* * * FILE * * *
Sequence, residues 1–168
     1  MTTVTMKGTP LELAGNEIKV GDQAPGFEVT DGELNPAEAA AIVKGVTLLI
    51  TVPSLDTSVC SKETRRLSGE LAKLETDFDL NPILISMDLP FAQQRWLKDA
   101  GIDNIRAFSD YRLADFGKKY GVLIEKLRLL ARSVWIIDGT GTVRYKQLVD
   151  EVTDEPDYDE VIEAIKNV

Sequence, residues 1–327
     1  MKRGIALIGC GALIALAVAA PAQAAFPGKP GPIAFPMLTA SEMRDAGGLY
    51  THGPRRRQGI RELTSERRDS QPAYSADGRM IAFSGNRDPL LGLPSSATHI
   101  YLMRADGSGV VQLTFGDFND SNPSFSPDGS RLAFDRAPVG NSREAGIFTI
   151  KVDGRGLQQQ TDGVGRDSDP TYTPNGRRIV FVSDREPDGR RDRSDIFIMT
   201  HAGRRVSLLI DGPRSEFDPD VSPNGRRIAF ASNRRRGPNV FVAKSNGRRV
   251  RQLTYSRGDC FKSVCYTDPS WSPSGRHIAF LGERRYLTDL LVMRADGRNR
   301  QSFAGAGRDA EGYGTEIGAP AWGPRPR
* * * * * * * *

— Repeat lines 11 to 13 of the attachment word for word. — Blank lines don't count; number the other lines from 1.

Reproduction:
   201  HAGRRVSLLI DGPRSEFDPD VSPNGRRIAF ASNRRRGPNV FVAKSNGRRV
   251  RQLTYSRGDC FKSVCYTDPS WSPSGRHIAF LGERRYLTDL LVMRADGRNR
   301  QSFAGAGRDA EGYGTEIGAP AWGPRPR